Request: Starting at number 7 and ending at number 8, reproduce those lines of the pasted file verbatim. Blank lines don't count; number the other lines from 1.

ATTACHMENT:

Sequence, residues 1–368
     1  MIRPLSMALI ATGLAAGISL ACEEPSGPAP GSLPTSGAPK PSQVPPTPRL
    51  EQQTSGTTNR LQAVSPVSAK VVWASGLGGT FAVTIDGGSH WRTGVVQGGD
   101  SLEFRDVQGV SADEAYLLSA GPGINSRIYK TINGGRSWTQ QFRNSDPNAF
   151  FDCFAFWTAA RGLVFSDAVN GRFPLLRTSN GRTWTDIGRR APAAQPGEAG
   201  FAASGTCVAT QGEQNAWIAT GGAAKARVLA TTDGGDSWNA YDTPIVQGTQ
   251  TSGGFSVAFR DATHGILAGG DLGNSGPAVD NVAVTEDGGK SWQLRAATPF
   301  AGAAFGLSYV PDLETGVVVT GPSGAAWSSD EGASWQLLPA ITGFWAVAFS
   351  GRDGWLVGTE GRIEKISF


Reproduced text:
   251  TSGGFSVAFR DATHGILAGG DLGNSGPAVD NVAVTEDGGK SWQLRAATPF
   301  AGAAFGLSYV PDLETGVVVT GPSGAAWSSD EGASWQLLPA ITGFWAVAFS